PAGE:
As a general rule, any young playmaker coming through the ranks at AC Milan will be dubbed ‘the new Kaka’, and similarly, any young playmaker of French origin will be dubbed ‘the new Zidane’. And if you’re unfortunate to have both tags thrust upon you? Well then your name is probably Yoann Gourcuff. Since a high profile transfer to AC Milan as a young prodigy, and a subsequent Ligue 1 title with Bordeaux, Gourcuff’s career has been derailed, and it’s evident that one of France’s brightest lights has been fading rapidly over the last few years.
Following a transfer from Rennes in 2006, he made only a handful of appearances at AC Milan where he was largely an understudy to the likes of Kaka, who at the time was arguably the best player in the world. In an attempt to get him playing more, Gourcuff was sent on loan to Bordeaux, where he quickly became a key focal point of their team, and alongside the likes of Alou Diarra and Marouane Chamakh, fired Les Girondins to a league and cup double 2008/09 – individual acclaim soon followed, and Bordeaux met his release clause to bring him in on a permanent basis.
At Milan, big things were expected of the man they spent nearly £5m bringing in from Rennes. Whilst he showed some promise, he could only manage 66 appearances in 3 years, with the majority of those either being substitutions or out wide. Paolo Maldini, who was nearing the end of his playing career at the time, spoke out about Gourcuff’s poor work ethic (something I’ll come back to), citing his lack of effort to learn Italian. He didn’t feel welcome in Italy, but at Bordeaux he was the focal point of the team. It seemed the natural thing to do at that stage of his career.
It was justified too, given the success he had there under Laurent Blanc (he picked up a Champions League medal in 2007 for AC Milan, but he didn’t play in the final). Quickly, people sat up and took notice of him, and he attracted big European clubs, namely Arsenal, Valencia and Ajax. It wasn’t only club sides that wanted him though.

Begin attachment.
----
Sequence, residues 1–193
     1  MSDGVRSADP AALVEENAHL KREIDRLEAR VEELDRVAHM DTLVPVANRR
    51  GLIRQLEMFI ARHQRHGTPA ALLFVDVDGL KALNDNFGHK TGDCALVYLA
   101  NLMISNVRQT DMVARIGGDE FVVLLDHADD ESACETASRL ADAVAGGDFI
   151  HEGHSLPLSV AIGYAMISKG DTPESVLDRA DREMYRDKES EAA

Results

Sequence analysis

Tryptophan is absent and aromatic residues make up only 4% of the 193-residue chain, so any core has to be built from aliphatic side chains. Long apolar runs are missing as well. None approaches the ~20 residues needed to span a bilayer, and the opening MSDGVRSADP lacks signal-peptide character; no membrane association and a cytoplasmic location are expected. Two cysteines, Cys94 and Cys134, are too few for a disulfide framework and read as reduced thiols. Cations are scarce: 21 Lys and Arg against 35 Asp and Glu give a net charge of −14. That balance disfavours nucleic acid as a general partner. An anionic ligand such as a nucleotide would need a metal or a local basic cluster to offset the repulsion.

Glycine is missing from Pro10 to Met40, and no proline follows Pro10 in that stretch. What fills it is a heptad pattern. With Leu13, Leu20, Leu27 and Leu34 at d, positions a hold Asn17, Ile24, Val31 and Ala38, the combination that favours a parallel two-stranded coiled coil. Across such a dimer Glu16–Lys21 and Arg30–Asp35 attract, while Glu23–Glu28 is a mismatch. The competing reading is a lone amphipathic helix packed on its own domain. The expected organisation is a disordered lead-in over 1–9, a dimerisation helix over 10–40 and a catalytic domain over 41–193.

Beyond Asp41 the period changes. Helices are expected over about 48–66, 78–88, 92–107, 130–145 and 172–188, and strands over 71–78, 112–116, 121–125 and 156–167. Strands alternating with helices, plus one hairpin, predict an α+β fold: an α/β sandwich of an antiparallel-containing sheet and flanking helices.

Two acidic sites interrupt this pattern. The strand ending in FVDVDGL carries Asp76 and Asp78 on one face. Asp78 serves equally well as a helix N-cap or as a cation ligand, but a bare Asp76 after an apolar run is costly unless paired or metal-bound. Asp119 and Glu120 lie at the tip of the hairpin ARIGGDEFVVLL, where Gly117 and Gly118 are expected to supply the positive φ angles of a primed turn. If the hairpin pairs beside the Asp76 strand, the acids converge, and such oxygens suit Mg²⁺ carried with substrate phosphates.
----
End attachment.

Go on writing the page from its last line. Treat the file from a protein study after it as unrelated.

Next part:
After defeat in the 2006 World Cup Final, Raymond Domenech (then the coach of the French national side) went about trying to rebuild a squad, following the departures of the likes of Zidane, Sagnol and Trezeguet. Henry was still there, but as has been well documented over the years, he never quite hit the same heights as during his days at Arsenal. Euro 2008 came a little too soon for this new French side, but Gourcuff made his international debut in the aftermath, and it seemed as though the man who went on to be French Player of the Year in 2009 would be the one to lead his nation back to glory.
So what happened to him? Well, I guess one thing you’d have to say is that there is stiff competition in France for the playmaker role – Samir Nasri would be the obvious choice, but then there’s Valbuena, Menez and Malouda who have all been challengers to what should have been Gourcuff’s rightful place in the national side. Menez wasn’t quite on the scene in 2010, and with Nasri’s surprising omission from the squad, it seemed as though Gourcuff could have made the 2010 World Cup his. Instead, his only contribution was a red card against South Africa in the final game, which ended an abysmal campaign riddled with striking and unrest in the camp.